With just two films to her name across the past two decades, filmmaker Jessie Nelson now returns with her third, the festive comedy Christmas with the Coopers. Though a flawed piece, there’s enough about this enchanting endeavour to suggest it would be a shame if we had to wait another ten years for Nelson’s fourth picture. Though if she were to release another Christmas ensemble piece, a decade wouldn’t be long enough.
Like any ensemble piece, Christmas with the Coopers comes equipped with a complex, convoluted narrative that seeks in covering so much ground, across the respective situations of a myriad of characters, but ultimately ends up doing none of them justice thanks to the constant and careless weaving in and out of narrative. But a brief summary is this: the Coopers are spread across four generations, with Bucky (Alan Arkin) overseeing the calamities that ensue. He has a romance of his own, falling, unwittingly, for the waitress Ruby (Amanda Seyfried).
Meanwhile his daughter Emma (Marisa Tomei) finds herself in the backseat of Officer Williams’ (Anthony Mackie) cop car, after caught shoplifting, while his other offspring Charlotte (Diane Keaton) is suffering in what appears to be a loveless marriage to Sam (John Goodman). Their son Hank (Ed Helms) is going through a divorce of his own, while for his sister Eleanor (Olivia Wilde), it seems a new romance could be on the cards, when she meets soldier Joe (Jake Lacy) at the airport. There are other characters with stories too, but that’s about as much as we can be bothered to tell you.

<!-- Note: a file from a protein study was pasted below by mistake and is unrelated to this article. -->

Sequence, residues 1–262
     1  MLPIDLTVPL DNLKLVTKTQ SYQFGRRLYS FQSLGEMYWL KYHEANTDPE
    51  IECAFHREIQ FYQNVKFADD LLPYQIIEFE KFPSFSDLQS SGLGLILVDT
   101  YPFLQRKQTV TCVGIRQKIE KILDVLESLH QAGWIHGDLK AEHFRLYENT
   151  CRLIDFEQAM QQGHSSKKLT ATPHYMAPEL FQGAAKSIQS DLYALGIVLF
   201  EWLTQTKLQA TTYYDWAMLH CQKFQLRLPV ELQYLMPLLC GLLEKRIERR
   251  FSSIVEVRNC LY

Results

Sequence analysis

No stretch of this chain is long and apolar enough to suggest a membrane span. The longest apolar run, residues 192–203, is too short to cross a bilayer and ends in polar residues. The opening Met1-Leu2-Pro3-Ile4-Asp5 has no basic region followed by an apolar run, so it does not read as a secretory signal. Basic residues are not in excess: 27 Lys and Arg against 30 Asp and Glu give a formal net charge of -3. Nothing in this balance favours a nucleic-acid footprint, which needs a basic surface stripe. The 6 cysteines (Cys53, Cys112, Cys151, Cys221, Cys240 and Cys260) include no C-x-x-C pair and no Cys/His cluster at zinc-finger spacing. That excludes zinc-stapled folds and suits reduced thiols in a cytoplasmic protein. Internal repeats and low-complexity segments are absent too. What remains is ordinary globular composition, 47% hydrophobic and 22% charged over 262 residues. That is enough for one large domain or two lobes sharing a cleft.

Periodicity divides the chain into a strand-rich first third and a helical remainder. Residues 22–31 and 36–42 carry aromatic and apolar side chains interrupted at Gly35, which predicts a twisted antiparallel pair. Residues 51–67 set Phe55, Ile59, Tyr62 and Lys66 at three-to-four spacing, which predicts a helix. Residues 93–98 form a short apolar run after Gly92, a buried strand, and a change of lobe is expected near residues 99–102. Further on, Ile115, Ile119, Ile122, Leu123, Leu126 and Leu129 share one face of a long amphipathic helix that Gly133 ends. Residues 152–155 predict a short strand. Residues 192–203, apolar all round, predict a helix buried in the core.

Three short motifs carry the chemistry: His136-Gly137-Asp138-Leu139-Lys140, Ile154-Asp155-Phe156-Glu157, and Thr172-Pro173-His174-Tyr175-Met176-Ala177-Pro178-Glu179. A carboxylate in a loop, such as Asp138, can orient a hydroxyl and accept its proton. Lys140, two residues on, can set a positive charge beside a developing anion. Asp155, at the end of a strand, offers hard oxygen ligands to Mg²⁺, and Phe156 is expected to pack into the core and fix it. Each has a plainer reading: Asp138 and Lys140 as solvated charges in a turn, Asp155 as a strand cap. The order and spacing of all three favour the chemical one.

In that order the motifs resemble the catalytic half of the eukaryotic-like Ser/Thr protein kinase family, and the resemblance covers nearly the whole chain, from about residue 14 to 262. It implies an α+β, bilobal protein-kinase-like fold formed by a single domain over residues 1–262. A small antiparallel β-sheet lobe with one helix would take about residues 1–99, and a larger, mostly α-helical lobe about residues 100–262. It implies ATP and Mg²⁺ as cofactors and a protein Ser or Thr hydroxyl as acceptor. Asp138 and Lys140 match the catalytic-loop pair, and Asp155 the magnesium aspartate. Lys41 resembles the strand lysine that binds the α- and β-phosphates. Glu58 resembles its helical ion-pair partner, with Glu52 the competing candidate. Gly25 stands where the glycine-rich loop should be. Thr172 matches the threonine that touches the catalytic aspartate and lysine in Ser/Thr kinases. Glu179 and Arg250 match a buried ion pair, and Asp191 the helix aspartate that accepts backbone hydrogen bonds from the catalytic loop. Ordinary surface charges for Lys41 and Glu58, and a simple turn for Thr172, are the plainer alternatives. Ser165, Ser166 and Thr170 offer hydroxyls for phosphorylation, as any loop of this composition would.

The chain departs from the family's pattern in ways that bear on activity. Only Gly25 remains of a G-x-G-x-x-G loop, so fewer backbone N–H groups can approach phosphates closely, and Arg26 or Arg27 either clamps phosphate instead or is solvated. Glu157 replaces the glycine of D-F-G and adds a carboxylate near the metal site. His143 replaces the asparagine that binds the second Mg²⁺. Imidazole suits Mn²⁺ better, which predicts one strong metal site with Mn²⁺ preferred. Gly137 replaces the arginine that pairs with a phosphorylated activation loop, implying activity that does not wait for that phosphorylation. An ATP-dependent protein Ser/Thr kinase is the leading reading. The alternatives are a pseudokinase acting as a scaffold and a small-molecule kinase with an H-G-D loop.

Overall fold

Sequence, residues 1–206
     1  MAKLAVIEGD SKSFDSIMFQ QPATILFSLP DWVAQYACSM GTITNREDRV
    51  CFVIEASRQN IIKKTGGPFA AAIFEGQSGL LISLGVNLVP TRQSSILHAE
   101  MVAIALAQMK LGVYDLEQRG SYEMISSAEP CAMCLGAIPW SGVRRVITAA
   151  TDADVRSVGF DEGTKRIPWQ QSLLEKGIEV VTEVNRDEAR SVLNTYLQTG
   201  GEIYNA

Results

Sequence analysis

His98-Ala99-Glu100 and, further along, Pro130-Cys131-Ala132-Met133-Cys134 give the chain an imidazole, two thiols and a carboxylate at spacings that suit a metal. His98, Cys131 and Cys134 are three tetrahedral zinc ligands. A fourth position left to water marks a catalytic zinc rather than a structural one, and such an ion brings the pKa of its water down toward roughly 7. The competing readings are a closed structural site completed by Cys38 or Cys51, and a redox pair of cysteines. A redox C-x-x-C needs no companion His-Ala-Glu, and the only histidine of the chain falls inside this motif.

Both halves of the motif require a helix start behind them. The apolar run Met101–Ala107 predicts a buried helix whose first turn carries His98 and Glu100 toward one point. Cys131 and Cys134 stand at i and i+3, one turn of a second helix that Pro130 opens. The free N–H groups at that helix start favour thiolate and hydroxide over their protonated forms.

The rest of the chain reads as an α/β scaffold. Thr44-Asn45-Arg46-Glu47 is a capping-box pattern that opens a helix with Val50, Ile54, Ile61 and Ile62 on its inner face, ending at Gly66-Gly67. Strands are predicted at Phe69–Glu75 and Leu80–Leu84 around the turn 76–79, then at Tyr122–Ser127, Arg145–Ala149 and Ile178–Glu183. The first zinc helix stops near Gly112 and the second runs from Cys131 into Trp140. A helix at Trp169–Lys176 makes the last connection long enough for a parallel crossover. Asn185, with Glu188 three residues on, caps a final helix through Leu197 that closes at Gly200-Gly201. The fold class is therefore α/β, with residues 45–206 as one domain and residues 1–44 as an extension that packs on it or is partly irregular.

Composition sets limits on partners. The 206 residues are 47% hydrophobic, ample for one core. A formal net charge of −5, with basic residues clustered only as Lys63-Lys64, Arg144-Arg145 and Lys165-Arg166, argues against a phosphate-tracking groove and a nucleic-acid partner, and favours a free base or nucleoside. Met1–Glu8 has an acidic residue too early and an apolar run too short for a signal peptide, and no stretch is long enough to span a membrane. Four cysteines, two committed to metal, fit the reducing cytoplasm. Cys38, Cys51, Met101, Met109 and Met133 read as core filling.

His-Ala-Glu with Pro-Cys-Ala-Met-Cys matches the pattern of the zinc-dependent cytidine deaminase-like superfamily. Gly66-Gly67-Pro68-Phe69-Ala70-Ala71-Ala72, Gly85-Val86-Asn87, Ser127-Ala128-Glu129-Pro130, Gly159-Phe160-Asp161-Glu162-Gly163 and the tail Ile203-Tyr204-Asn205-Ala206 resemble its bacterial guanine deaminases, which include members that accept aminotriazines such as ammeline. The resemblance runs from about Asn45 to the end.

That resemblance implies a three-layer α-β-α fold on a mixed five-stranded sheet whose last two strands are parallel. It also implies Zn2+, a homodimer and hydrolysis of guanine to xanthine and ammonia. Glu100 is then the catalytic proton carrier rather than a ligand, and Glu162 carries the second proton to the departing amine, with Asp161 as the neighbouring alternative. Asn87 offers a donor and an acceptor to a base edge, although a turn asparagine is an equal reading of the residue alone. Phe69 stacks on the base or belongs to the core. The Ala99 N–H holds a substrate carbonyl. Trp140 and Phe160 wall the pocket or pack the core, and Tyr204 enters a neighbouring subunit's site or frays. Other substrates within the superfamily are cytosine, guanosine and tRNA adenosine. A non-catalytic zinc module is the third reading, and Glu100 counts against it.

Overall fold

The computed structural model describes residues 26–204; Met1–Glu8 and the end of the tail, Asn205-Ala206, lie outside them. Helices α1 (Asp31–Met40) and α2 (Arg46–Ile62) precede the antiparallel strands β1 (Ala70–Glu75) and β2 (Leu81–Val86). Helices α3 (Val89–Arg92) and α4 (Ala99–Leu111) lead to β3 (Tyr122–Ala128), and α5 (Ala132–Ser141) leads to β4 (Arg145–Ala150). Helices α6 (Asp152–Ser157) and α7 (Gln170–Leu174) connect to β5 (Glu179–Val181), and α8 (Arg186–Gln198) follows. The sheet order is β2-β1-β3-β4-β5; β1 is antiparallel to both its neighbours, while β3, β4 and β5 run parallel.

It’s a shame we deviate away from the more interesting stories (such as those concerning Bucky and Ruby, or when exploring the difficulties in maintaining a lifelong marriage for Charlotte and Sam) – and instead delve needlessly into the life of Hank’s son, caught up in a cliched teenage romance. This film is in dying need of some simplicity, and perhaps had we focused primarily on certain plot points, the feature would have benefited. Instead the one character we do feel any emotion towards, is the pet dog. For we embody that little creature, always feeling detached, watching from afar, and looking on, feeling as bemused as he looks.
But still, there is an endearing tone and spirit to this piece, and, for use of a better word, it all feels rather Christmassy, capturing the frivolity and festivity of this genre, in a way which is uncynical, if somewhat mawkish. The music helps establish that tone however, with a wonderful soundtrack consisting of the likes of Nina Simone and Bob Dylan. Though it is perplexing as to why the latter gave his permission for his work to be used within this title. At least for the former we know it wasn’t exactly her choice.